The next morning, we loaded the car and headed off for home.  The drive back through the mountains towards Zagreb and the Slovenian border was spectacular - I think I passed through more tunnels in those few hours than I have in a lifetime driving in the UK - despite sometimes heavy traffic.  The little trip through Slovenia was easier and less crowded, the scenery as mountainous as in Croatia but more forested and greener, then into Austria.  We overnighted in an apartment (good old Airbnb) in Vienna that was probably built before World War 2 and not decorated or renovated since, but it was comfortable enough and we slept well, despite a thunderstorm that rumbled through half the night.

We left there about 10 the next morning, and took a brief detour through the city centre, just to have look at the Vienna Opera House and other lovely old buildings from the country’s Imperial age.  I worked in Vienna for about 6 or 7 months some years ago, but I recognised absolutely nowhere this time round.  Big changes - even the trams have been modernised.

The drive through Austria and into the Czech Republic was pleasant enough, motorway all the way, and this continued through that country towards the Polish border near Ostrava.  I didn’t notice when we crossed into Poland - there was no border post or even signs that were visible and we didn’t slow down at all, but at some point the road signs changed from the Czech language to Polish, and we began recognizing place names.  The joys of the Schengen Zone that we British have always been against (along, it has to be said, with seemingly every other EU institution) but that unquestionably makes travel through its member states so much quicker and easier…..
And we were home safely by tea-time.

In summary, Croatia is a great country (even if their football team did put us in our place at the World Cup this summer), with some of the most beautiful scenery I’ve ever seen.  The people were without exception friendly and welcoming, and the food and drink delicious and reasonably priced.  The roads are good, the sea warm and the clearest and cleanest I have seen anywhere in the world - crystal clear and the most astonishing blue.  It’s just a shame about the beaches, but you can’t do much about geology.

Did it meet our expectations?  No.  It easily surpassed them.  It’s fair to say we fell in love with the place.  Admittedly, we’ve only seen a very small part of Croatia - the Dalmatian Coast around Zadar and its surrounding islands, and of course the spectacular drive over the mountains and past Zagreb to the Slovenian border - and there is much more to see.  But that was enough, at least for me.  I want to see more.  Maybe try Istria, to the north, where I gather there are a few more sandier beaches and a more Italian feel to the place due to its proximity with Trieste in Italy only 40-odd kilometres from the Croatian border with Slovenia.  Or perhaps head south towards the coastal area around Makarska, between Split and Dubrovnik.   We’d definitely like to spend more time on the island of Murter, too.

So, yes.  We WILL return…… year for sure.

Wednesday, 6 June 2018

Trains, planes and automobiles: the state of UK transport today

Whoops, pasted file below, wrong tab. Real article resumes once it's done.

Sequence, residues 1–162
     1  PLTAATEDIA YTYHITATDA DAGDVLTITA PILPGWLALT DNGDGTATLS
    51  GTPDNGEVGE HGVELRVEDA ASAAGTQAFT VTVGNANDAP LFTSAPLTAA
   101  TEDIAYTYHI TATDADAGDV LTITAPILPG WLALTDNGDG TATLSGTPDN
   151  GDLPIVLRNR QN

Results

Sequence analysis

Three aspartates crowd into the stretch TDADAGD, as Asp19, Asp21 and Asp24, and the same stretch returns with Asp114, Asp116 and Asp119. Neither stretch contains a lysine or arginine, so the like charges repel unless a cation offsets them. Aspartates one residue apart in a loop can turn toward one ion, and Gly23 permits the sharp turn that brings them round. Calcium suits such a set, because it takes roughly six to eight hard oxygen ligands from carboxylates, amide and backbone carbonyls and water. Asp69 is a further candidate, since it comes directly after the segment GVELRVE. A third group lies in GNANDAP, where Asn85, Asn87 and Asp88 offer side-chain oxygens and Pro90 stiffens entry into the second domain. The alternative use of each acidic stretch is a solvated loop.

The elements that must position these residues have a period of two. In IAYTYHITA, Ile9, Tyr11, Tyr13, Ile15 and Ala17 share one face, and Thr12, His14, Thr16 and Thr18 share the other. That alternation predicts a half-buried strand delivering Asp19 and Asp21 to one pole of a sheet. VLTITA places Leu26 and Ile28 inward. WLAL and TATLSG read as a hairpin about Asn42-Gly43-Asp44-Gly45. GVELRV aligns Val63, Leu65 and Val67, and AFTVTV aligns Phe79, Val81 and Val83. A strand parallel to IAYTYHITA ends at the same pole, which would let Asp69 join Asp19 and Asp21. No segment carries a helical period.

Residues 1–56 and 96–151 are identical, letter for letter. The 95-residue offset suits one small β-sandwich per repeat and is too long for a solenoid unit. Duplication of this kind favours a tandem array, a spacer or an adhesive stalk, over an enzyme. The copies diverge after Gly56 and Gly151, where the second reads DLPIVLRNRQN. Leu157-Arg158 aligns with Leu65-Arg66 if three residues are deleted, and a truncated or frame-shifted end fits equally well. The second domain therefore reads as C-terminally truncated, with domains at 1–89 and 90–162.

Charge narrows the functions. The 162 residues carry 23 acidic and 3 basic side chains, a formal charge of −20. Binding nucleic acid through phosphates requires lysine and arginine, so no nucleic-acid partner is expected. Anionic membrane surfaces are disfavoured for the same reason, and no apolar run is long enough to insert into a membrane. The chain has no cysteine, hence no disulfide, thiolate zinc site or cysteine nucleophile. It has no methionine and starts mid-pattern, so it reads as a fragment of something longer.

Yesterday that fool of a Transport Secretary Mr. Grayling announced that the Government had approved the Heathrow Extension plan. This involves building a third runway just to the north-west of the existing complex, in so doing essentially wiping three small villages off the map, and building a tunnel under the new runway for the (steadily increasing) M25 traffic flow. All this is expected to cost billions, of course, and take several years, but the Government hope to have it open for business by 2030. When complete, it will increase capacity by several million passengers per year, with many more flights to carry them, including more deaily to UK regional airports like Manchester, Glasgow and so on. Grayling says it is just the kind of capacity increase that 21st century Britain needs as it becomes again a great independent global trading nation (a clear sop to his beloved fellow Brexiteers).

I won’t cheer with excitement or indeed hold my breath waiting for it to move forward, given the whole argument over extending the airport has been going on for the better part of 20 years now. Governments Tory and Labour have proposed and cancelled plans for just such a project. There have been injunctions, court cases, public enquiries and consultations without number. Protest groups in the area have flourished, retreated and come again, depending on circumstance. In the meantime, the numbers of flights and passengers has grown year on year, until the airport is operating at something like 98% capacity, despite losing plenty of business to an expanding Gatwick and near continental hub airports like Amsterdam and Frankfurt.

Clearly, something needs doing to redress the balance, though I’m personally not convinced a third runway at Heathrow is the best option. For a start, the airport is in a heavily built up area, as you would expect as London itself continues to grow. Its proximity to the city is usually stated as a benefit, with excellent travel links by rail and underground into the city, and its close proximity to the major M25, M3 and M4 motorways. True up to a point, but the benefits are open to question – to be discussed in a minute. Against that, noise pollution and poor air quality are cited as reasons why the airport should not be developed further, and I have some sympathy with that argument. Breathing in aircraft (and for that matter petrol) fumes constantly is not good for anybody’s health, and disturbed sleep patterns, from whatever cause, are equally detrimental… a long term insomniac due to traffic noise outside my home and parenthood I know all about the effects of that!